The Wizard of Oz, one of the most beloved movies of all time, celebrates its 70th birthday this year. When I first watched the classic 1939 Judy Garland movie as a child, I didn’t realise just how many life lessons were contained in this story. Now, years later, I realise what a powerful story it is for all times. I can see the lessons to be learnt in Dorothy’s journey as she struggles to overcome the turbulent twisters on her journey and the lessons she learns from the cast of characters she meets along the way. I have even found a website dedicated to the practise of “ozology” which states that “the simplest truths of life are often the most profound and most important, and though the simplicities of the Wizard of Oz may seem platitudinous, they are all that we need to understand ourselves and the world around us.”
The characters of Dorothy and Toto, the Cowardly Lion, the Tin Man, the Wicked Witch of the West, the Wizard of Oz and such iconic images of the yellow brick road and Dorothy’s ruby slippers have all become part of the our cultural imagination. Dorothy’s heartfelt statement, “There is no place like home,” still reverberates today.
There are so many scenes and metaphors to choose from, but for me one of my favourite lessons is contained towards the end of the film, where Dorothy misses her balloon flight home, starts to cry, but is then told by Glinda, the Good Witch, that with those ruby slippers, she had the power to return home the whole time. The answer was literally under her nose or on her feet to be precise. Like Dorothy, we are all more powerful than we think and the answers we seek are always within.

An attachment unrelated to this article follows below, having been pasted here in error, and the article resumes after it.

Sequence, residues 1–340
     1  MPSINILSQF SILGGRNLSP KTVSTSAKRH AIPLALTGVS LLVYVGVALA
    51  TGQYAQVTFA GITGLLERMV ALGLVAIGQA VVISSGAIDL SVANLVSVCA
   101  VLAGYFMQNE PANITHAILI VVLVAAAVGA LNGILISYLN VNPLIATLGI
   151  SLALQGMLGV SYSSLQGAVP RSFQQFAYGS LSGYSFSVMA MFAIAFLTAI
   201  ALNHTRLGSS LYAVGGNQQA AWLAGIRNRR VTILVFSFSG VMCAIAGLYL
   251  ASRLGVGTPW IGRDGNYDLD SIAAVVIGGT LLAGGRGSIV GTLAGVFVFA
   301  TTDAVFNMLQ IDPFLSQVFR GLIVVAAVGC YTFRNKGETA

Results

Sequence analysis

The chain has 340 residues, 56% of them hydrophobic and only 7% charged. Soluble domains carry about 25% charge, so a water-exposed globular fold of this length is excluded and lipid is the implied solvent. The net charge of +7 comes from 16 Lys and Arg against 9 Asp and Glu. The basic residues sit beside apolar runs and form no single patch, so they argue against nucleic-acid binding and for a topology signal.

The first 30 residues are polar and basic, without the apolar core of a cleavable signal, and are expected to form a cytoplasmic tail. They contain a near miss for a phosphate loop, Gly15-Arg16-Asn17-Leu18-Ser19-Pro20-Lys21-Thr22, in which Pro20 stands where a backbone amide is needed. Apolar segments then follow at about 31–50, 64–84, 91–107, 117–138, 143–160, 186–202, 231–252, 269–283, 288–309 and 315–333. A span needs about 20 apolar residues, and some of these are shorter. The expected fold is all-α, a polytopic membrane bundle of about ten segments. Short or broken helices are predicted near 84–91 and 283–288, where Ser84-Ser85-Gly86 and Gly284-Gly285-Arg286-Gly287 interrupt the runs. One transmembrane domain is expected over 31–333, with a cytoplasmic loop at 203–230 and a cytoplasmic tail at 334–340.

Wizard of Oz: As for you, my galvanized friend, you want a heart. You don’t know how lucky you are not to have one. Hearts will never be practical until they can be made unbreakable.
Tin Man: But I still want one.
Wizard of Oz: Why, anybody can have a brain. That’s a very mediocre commodity. Every pusillanimous creature that crawls on the Earth or slinks through slimy seas has a brain. Back where I come from, we have universities, seats of great learning, where men go to become great thinkers. And when they come out, they think deep thoughts and with no more brains than you have. But they have one thing you haven’t got: a diploma.
Tin Man: What have you learned, Dorothy?
Dorothy: Well, I – I think that it – it wasn’t enough to just want to see Uncle Henry and Auntie Em – and it’s that – if I ever go looking for my heart’s desire again, I won’t look any further than my own back yard. Because if it isn’t there, I never really lost it to begin with! Is that right?